Rights groups and journalists raise concerns over suppression of press freedom as Gulf states issue demands to Qatar.
Press freedom and human rights advocates, journalists and social media users have condemned a demand by Saudi Arabia and other Arab countries to shut Al Jazeera network and other media outlets in Qatar.

The Arab states reportedly issued a 13-point list on Friday, demanding the closure of all news outlets that it funds, directly and indirectly, including Arabi21, Rassd, Al Araby Al Jadeed, Mekameleen and Middle East Eye.

“We are really worried about the implication and consequences of such requirements if they will ever be implemented,” said Alexandra El Khazen, head of Middle East and North Africa desk at Reporters Without Borders, a non-profit organisation promoting press freedom.

Speaking to Al Jazeera from Paris, Khazen said: “We are against any kind of censorship and measures that could threaten the diversity in the Arab media landscape and pluralism, for instance.

“The Arabic media landscape should make room and accept the broadest range of viewpoints instead of adopting repressive measures against alternative viewpoints that are found to be critical of some governments.”

Khazen also expressed concern over the impact of the demands on the employees of the mentioned media outlets.

“Some of them may come under pressure to resign or to choose to do so to be aligned with the policy of their country, so we are currently investigating this,” she said.

Sarah Leah Whitson, executive director of the Middle East and North Africa Division at Human Rights Watch, called the Saudi-led bloc’s demand “absurd”.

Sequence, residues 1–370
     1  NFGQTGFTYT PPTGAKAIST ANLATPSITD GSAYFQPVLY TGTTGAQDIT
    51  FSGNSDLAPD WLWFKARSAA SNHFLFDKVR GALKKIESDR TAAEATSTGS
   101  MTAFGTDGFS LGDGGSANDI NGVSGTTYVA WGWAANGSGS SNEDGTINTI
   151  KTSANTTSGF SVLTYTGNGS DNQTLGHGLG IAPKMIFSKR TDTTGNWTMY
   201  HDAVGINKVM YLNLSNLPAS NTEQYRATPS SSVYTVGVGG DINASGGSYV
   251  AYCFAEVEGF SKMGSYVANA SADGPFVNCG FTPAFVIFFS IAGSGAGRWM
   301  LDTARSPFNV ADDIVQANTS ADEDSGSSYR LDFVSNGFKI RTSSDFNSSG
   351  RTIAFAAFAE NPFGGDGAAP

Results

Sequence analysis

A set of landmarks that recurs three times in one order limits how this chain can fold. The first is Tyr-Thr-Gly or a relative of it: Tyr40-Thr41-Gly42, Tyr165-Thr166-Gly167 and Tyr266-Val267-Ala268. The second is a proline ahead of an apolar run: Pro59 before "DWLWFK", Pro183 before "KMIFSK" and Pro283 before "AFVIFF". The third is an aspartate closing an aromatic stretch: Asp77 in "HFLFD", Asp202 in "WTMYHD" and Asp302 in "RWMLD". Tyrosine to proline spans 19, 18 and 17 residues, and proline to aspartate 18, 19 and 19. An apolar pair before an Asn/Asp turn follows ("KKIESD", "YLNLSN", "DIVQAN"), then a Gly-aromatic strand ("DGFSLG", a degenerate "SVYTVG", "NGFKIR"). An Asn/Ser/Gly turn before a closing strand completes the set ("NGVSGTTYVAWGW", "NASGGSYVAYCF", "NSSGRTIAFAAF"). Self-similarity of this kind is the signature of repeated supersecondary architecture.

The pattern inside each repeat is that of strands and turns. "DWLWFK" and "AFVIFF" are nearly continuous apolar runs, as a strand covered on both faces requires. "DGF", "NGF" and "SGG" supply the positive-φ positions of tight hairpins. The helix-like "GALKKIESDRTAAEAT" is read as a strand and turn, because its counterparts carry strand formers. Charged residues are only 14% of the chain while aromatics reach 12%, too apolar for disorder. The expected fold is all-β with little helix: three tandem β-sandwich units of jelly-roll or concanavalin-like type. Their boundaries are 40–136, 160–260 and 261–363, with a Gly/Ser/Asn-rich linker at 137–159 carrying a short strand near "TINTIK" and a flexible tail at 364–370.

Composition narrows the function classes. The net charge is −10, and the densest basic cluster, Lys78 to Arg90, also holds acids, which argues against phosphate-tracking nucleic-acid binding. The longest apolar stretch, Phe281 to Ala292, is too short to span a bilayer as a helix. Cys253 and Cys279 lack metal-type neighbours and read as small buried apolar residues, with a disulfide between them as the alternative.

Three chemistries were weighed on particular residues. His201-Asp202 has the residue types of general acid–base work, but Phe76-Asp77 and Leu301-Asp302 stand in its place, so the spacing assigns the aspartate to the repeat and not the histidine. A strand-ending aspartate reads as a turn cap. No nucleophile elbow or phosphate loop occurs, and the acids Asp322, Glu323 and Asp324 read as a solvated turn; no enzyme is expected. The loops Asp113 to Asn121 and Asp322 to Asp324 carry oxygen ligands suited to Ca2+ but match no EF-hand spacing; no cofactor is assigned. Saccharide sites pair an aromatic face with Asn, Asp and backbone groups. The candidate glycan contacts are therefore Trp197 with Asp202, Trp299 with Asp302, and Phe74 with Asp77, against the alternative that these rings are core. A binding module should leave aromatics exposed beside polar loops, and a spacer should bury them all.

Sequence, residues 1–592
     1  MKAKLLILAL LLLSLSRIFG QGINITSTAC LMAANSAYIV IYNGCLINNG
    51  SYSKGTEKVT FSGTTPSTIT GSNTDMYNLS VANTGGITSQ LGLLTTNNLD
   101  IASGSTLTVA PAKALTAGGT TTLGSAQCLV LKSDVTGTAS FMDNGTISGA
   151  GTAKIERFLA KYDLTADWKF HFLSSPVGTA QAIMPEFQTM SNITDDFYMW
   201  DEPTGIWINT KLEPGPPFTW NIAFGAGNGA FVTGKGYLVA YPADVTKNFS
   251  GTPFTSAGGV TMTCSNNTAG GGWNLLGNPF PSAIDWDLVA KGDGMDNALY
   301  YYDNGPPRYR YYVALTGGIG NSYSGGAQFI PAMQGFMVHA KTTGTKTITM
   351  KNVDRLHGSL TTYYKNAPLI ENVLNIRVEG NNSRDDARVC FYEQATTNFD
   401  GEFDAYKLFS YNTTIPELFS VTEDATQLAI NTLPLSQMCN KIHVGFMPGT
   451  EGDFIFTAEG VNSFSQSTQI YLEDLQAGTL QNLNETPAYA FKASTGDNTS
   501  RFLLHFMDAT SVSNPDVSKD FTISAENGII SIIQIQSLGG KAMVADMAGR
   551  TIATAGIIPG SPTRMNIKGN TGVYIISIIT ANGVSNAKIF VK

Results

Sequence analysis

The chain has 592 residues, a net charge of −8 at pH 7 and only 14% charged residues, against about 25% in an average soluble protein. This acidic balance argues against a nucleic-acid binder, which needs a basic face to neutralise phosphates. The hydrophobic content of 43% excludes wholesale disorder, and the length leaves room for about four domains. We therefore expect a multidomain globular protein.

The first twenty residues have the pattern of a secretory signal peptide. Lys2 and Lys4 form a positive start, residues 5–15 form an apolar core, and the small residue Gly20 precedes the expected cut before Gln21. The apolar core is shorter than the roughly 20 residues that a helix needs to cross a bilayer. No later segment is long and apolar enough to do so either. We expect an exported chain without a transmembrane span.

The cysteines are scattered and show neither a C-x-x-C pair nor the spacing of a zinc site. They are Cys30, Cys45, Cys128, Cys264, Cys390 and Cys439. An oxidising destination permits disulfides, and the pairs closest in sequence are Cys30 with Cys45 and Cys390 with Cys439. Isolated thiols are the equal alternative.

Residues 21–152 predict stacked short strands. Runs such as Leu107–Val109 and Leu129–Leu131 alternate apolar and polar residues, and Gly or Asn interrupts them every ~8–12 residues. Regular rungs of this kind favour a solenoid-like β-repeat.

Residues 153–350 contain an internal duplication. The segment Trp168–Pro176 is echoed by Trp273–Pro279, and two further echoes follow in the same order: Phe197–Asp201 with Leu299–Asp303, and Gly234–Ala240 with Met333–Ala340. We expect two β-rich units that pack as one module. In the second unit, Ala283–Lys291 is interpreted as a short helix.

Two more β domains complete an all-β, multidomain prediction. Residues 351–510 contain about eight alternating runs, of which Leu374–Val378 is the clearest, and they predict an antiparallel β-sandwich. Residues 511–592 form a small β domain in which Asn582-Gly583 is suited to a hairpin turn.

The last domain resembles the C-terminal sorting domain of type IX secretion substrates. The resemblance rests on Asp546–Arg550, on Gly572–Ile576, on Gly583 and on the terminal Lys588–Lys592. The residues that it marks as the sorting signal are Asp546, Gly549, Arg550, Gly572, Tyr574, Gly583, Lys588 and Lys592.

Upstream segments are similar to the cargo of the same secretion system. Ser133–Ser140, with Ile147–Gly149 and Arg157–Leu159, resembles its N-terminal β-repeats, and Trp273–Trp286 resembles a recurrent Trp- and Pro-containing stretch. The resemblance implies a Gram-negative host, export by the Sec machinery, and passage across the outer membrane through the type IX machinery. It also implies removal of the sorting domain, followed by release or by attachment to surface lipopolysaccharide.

“This is just an attempted expansion of the cowardly censorship they have inflicted on their own citizens, but it will fail,” she said.

Tim Dawson, president of the UK’s National Union of Journalists, expressed his “absolute horror” in reaction to what he called a “monstrous request” and urged the Saudi government to withdraw the demands.

The Committee to Protect Journalists (CPJ) also condemned “the use of news outlets as a bargaining chip” and “urged all countries involved in this dispute to stop holding media hostage” to political differences.

“The Gulf region needs a vibrant free press and news outlets based there must be allowed to report freely,” said Joel Simon, the executive director of CPJ.

Meanwhile, The Guardian criticised the efforts to silence Al Jazeera as “wrong” and “ridiculous”.

“The attack on Al Jazeera is part of an assault on free speech to subvert the impact of old and new media in the Arab world. It should be condemned and resisted,” the UK-based newspaper said in an editorial.

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By Expat